Euro-Realism: Now For the Long Term?

In 1910 Brigadier-General Henry Wilson gave a lecture arguing that a European war was inevitable and Britain’s only option was to ally with France. One of the attending officers responded by suggesting that only “inconceivable stupidity on the part of statesmen” could trigger such a disaster. Wilson responded with derision, saying that “inconceivable stupidity is just what you’re going to get.” A century later and “inconceivable stupidity” is alive and well at the highest levels in both the United States and Europe. Why?

A new report from the Oxford Martin Commission for Future Generations under the chairmanship of former World Trade Organization boss Pascal Lamy, entitled Now for the Long Term focuses on short-termism in the business sector but could just as well apply to politics.

Europe is an example. Those who push for deeper European integration offer two main arguments—the aggregated influence afforded by the concentration of power in the EU and the “inevitable decline” of the European nation-state. For these people it is vital that EU institutions be given much greater power over decision-making in the twin names of efficiency and effectiveness. In a sense they implicitly suggest that only EU institutions are capable of the long-term thinking that Europe desperately needs. 

To some extent they have a point. Take David Cameron’s attempts to repatriate powers from Brussels to Britain. Cameron argues his case purely on the grounds of Britain’s national interest. It is doomed to fail. Instead, Britain should be presenting a principled case about the nature of governance in Europe and the dangers of creating an over-mighty European executive. 

Recently, it was announced that in 2015 the European Commission will demand that all European citizens dispose of their garbage/trash in four separate containers. Such meddling by Brussels has gone way too far as the Commission interprets European treaties to the maximum in its power struggle with member-states.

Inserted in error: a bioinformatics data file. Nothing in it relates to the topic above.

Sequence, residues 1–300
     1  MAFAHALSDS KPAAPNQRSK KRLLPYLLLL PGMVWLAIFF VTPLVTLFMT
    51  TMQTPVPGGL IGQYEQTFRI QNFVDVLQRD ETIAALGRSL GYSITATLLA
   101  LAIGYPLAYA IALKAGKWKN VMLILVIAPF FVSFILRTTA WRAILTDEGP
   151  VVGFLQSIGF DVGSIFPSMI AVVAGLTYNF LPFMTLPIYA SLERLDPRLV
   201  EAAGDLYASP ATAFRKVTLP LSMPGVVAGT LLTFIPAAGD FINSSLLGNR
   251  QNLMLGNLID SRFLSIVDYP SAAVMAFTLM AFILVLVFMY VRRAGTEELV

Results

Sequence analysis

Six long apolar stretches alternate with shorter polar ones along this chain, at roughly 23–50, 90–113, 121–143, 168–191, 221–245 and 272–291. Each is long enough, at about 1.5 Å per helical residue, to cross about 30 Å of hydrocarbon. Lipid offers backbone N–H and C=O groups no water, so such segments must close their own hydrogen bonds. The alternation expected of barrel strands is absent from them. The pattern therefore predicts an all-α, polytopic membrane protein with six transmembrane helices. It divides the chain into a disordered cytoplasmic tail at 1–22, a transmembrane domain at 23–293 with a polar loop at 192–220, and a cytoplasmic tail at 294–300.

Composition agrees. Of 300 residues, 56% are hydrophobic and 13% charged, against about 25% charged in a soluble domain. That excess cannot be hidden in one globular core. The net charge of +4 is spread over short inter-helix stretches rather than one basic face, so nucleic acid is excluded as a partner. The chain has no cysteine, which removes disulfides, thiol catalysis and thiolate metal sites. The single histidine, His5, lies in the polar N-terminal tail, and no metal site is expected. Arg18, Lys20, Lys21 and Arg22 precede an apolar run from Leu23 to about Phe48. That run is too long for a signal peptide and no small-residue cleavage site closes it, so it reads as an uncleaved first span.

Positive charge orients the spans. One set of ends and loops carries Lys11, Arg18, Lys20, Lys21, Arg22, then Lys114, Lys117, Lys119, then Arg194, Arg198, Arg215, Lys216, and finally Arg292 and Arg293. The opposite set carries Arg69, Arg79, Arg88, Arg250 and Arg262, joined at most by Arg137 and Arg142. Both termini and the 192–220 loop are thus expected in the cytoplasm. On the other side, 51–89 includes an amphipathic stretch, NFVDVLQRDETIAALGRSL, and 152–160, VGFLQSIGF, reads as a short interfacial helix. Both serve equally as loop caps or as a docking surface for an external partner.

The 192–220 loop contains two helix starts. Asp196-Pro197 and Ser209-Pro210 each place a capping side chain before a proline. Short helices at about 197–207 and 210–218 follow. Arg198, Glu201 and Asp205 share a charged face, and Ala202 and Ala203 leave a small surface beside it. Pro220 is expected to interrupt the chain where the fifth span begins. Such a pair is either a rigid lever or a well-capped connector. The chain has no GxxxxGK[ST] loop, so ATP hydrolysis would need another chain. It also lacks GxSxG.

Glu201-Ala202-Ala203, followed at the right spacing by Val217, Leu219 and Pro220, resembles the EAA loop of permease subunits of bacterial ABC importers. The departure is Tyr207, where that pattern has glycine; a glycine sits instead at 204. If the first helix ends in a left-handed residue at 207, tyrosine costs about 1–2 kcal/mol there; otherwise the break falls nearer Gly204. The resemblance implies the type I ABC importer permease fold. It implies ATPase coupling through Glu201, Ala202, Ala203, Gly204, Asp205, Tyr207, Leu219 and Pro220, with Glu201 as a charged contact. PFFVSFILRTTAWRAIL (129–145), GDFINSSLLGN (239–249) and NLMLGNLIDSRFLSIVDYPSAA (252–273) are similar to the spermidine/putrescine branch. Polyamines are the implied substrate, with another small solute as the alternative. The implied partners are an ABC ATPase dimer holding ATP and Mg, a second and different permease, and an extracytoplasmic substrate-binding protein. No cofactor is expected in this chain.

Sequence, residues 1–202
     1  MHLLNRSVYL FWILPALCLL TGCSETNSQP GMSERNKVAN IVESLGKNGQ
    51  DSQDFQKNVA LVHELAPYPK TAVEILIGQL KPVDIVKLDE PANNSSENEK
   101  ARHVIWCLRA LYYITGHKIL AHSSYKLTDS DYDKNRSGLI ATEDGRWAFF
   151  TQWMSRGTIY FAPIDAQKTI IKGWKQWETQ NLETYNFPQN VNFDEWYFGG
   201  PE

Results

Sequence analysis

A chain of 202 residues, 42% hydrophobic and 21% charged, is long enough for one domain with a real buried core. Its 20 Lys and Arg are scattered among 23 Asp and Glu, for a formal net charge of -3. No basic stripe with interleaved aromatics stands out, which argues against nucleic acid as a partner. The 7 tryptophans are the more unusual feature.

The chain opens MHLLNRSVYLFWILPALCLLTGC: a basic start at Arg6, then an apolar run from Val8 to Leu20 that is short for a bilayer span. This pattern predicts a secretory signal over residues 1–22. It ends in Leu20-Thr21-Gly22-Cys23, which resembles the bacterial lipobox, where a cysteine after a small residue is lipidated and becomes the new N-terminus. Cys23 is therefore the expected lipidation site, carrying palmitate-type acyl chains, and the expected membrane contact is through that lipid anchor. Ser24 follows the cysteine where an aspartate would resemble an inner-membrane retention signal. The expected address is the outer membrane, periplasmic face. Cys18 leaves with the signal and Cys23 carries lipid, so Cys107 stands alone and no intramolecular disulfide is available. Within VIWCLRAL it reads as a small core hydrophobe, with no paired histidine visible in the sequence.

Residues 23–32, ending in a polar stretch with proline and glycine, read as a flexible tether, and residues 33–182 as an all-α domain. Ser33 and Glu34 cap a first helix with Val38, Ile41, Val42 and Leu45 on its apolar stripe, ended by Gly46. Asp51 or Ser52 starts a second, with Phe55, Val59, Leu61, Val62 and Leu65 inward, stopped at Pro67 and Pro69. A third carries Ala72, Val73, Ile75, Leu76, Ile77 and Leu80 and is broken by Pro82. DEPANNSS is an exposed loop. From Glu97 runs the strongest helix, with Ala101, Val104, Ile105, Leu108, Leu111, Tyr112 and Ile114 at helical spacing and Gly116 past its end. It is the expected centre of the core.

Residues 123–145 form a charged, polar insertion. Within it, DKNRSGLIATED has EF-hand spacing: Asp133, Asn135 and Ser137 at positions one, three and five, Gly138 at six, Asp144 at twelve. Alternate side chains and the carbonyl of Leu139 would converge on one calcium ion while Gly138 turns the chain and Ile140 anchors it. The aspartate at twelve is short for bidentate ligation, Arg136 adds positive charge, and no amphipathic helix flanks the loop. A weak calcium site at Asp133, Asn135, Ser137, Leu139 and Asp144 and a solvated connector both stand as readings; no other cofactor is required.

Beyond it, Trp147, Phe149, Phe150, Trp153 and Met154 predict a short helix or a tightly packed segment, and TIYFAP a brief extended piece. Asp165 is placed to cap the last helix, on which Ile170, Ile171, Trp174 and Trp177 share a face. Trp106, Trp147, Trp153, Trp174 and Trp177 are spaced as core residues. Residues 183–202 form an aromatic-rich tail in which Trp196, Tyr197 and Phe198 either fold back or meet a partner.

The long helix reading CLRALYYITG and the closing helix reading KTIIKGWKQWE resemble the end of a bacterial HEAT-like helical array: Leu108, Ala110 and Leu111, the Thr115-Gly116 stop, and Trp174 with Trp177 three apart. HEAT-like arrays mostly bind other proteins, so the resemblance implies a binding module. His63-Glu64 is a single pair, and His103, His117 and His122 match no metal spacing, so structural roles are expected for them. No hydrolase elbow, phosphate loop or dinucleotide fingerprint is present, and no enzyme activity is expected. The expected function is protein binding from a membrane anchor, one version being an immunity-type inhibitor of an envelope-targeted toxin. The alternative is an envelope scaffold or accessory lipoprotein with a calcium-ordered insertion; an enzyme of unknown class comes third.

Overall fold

The trouble with the long-term is that in Europe it is broken up into many national short-terms – namely elections. In principle an integrated EU led by a European Government underpinned with proper democratic oversight by a functioning European Parliament is very attractive. 

However, most of those that argue for deeper European integration do so purely on the basis of short-term economics. A rich economic dictatorship, they argue in a way, would be preferable to poor democracy. That, of course, is not what they believe but that is the long-term implication of their short-termism. 

Indeed, if the center of gravity in Europe was the European Commission and today’s European Parliament the ratio between the representative and the represented would go from roughly one parliamentary deputy for every 50,000 citizens to one parliamentary deputy to every 500,000 citizens. That is why Europe is at a dangerous juncture.

Furthermore, the very nature of EU politics, far from aggregating the power of EU member-states, is actually accelerating its decline. The member-states blame Brussels and Brussels blames the member-states. In the space between there is a massive sovereignty black-hole into which power and accountability is lost. 

National politicians fail to see such dangers lost amidst the short-term minutiae of the daily EU haggle. Indeed, many European politicians have lost sight of the big, dangerous trends taking place beyond Europe’s borders. Indeed, one only has to look at the willful and imprudent disarmament in Europe to realize the extent to which European political short-termism is disconnecting European security from world security.  

The EU and its advocates have to exaggerate the smallness of the European nation-state to justify their demand for the concentration of state power in EU institutions. Sadly, this power struggle is rendering both the European state and the EU impotent with NATO caught in the politico-strategic middle.

Julian Lindley-French is a member of the Atlantic Council’s Strategic Advisory Group. This essay first appeared on his personal blog, Lindley-French’s Blog Blast.